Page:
Citi’s Basil Geoghegan Straddles M&A and Equity Capital Markets

The investment banker has climbed Mount Everest, a feat that bears some resemblance to his work advising struggling U.K. banks.


When Basil Geoghegan reached the summit of Mount Everest on May 19, 2011, he didn’t get carried away. “With Everest it’s not just about getting to the top,” the Citigroup banker says. “The job isn’t done until you’re at the bottom, and there is an awful lot that can go wrong on the way down.”

Geoghegan (pronounced “gay-gan”), 43, brings that self-control and pragmatism to mergers and acquisitions and equity deals. The London-based managing director with Citi’s financial institutions group worked on last month’s £5.8 billion ($9.4 billion) rights issue by Barclays. Geoghegan had dealt with the British bank before: In 2008, as a managing director at Goldman Sachs Group, the Irishman advised Sheikh Mansour bin-Zayed bin-Sultan al-Nahyan, deputy prime minister of the United Arab Emirates, on a £3.6 billion investment that helped London-based Barclays avoid a taxpayer bailout after the collapse of Lehman Brothers Holdings.

Since joining Citi in 2011, Geoghegan has taken on responsibility for the U.S. bank’s U.K. financial institutions clients and oversight of its Irish business. Last year he represented U.S. power management provider Eaton Corp. on its $13 billion acquisition of Dublin-headquartered electrical-products maker Cooper Industries, the biggest-ever takeover of a public Irish company. He also advised London Stock Exchange Group on its recent £386 million purchase of London-based clearinghouse LCH.Clearnet.

Citi ranked eighth in the FIG sector in Europe last year, advising on 17 deals worth a total $25.1 billion, according to Dealogic. That represented a 90 percent surge over 2011, when it worked on 13 with a total value of $13.2 billion, good for ninth place in the league table.

Geoghegan attended a Benedictine boarding school and earned a law degree from his hometown’s Trinity College Dublin. In 1992 he headed to Italy, where he completed a master’s in competition law at the European University Institute in Florence. Geoghegan joined U.K. law firm Slaughter and May’s London office as an associate in capital markets and banking but soon left for Goldman Sachs because he craved a bigger role in M&A. Starting out as an M&A generalist in London in 1995, he spent two years with Goldman in New York before becoming a banking specialist in 2006.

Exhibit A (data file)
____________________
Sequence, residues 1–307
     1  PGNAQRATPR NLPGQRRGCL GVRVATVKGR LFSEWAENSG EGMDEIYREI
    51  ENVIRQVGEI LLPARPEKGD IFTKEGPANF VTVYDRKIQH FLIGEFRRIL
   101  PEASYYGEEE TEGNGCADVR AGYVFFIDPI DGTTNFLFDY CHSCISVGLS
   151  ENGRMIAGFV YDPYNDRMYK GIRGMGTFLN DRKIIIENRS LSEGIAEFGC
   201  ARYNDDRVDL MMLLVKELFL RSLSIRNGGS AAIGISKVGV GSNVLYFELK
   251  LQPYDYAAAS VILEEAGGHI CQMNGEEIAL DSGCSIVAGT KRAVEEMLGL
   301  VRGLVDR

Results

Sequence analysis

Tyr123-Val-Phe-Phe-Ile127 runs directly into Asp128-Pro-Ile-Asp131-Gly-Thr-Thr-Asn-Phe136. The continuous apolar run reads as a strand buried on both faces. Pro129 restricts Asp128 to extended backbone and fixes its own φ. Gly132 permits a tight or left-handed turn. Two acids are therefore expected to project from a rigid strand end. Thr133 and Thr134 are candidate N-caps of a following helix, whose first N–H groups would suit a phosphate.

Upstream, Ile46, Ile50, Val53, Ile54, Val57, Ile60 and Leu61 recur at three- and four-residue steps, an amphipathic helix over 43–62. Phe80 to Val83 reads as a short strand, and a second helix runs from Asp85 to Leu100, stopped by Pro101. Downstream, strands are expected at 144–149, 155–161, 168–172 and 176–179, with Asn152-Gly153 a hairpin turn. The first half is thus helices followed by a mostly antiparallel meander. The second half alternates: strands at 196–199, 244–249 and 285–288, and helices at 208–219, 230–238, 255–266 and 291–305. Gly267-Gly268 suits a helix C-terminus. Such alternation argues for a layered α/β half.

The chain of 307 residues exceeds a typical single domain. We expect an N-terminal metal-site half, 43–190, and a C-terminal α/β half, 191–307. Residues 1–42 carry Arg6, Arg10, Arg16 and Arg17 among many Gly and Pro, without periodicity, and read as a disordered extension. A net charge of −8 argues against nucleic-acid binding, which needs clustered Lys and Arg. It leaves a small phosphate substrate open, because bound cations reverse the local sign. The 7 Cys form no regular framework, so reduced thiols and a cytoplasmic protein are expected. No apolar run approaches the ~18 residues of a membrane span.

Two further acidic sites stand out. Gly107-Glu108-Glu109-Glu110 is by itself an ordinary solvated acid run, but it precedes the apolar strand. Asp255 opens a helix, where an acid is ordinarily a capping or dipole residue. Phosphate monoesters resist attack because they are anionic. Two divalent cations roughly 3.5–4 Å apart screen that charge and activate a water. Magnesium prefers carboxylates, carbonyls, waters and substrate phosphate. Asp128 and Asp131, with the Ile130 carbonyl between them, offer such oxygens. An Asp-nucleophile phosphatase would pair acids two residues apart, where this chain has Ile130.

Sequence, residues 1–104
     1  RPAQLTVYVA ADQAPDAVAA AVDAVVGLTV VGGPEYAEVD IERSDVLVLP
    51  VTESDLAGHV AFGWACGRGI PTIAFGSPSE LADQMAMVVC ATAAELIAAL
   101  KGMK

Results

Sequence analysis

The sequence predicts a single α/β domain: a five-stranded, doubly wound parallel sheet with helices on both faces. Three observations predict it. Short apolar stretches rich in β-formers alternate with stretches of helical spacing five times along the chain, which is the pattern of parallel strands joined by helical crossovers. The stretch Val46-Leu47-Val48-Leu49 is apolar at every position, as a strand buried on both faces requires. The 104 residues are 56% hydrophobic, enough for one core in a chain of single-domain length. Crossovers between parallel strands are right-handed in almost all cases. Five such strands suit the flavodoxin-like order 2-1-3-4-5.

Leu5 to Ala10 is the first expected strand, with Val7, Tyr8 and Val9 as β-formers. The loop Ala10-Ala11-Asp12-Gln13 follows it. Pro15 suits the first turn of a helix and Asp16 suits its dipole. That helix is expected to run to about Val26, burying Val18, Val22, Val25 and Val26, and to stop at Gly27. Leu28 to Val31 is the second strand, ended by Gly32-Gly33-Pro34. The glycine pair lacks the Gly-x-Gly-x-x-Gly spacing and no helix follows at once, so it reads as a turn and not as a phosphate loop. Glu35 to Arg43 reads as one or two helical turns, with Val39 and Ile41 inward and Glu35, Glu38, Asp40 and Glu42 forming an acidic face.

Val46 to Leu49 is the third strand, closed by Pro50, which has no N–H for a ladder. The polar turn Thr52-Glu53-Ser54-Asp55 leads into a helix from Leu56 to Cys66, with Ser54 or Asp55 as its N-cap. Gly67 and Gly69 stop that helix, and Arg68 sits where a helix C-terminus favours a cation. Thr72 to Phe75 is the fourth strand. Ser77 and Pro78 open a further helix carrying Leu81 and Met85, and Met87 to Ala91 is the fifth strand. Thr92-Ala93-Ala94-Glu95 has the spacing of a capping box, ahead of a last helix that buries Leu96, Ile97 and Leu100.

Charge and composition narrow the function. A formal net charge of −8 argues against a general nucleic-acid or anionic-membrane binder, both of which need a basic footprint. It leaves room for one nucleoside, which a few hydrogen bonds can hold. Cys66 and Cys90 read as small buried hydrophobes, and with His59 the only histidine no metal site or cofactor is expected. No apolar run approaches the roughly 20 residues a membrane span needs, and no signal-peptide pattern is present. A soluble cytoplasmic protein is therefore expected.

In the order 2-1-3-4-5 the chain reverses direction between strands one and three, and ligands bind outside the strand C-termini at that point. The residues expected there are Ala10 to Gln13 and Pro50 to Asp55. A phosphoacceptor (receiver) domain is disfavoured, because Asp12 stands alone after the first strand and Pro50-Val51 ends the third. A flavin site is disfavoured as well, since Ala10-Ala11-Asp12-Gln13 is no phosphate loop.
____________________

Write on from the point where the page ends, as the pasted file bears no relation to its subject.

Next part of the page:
As the global financial crisis erupted, Geoghegan advised Her Majesty’s Treasury following the 2007 collapse of U.K. bank Northern Rock, which later received more than £27 billion in loans from the Bank of England to keep it afloat. After Goldman held an auction, the government decided to nationalize the struggling lender. Geoghegan describes that mandate as his most memorable: “Northern Rock was fascinating because it was a completely new situation and the rule book had not been written for a bank failure.”

In 2008 the father of four, who spends weekends at his home near Dublin, counseled the Irish Financial Services Regulatory Authority on Anglo Irish Bank, which had been battered by the country’s real estate meltdown. Geoghegan opposed the Irish government’s decision to guarantee the deposits and bonds of all Irish banks for two years. “The blanket bank guarantee was the wrong thing to do at the time, and the decision was taken by neophytes who made the mistake of not looking abroad for solutions,” he says. “But a lot of good work has been done since.” (Nationalized in 2009 and rebranded two years later, the former Anglo Irish Bank is now being wound down.)

In 2009, Geoghegan joined Deutsche Bank as a managing director in its U.K. and Ireland group. He moved from financial institutions to the corporate world a year later when Reading, England–based telecom Acision recruited him to restructure the company and lead a $250 million refinancing. “Basil has the ability to cut to the chase when working on transactions,” says Christopher Saul, London-based senior partner at Slaughter and May.

Geoghegan says he moved to Citi to be part of the firm’s rebuilding after some difficult years. “The markets have reached equilibrium, and our team is enjoying a period of stability,” he notes.

Last month Geoghegan also took charge of overseeing and expanding Citi’s coverage of U.K. asset managers and insurers. Another of his duties is serving as treasurer of the Ireland Fund of Great Britain; it was in support of this charity, which helps Irish emigrés, that the keen alpinist conquered Everest. “I spend a lot of time in Chamonix — climb in the summer, ski in the winter,” Geoghegan says. “When you’re on a ridge with a 3,000-foot drop either side of you, all you can think about is the next step and nothing else. I find that quite relaxing.” • •

Read more: “Europe’s Banks, Slow to Restructure, Pose a Systemic Risk Today